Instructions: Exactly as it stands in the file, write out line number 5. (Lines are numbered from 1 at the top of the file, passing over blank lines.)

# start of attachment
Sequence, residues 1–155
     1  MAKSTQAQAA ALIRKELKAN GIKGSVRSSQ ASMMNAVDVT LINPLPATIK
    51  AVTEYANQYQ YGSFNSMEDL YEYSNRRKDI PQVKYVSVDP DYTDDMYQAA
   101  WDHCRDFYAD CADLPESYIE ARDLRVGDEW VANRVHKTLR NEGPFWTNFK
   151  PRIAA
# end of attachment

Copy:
   151  PRIAA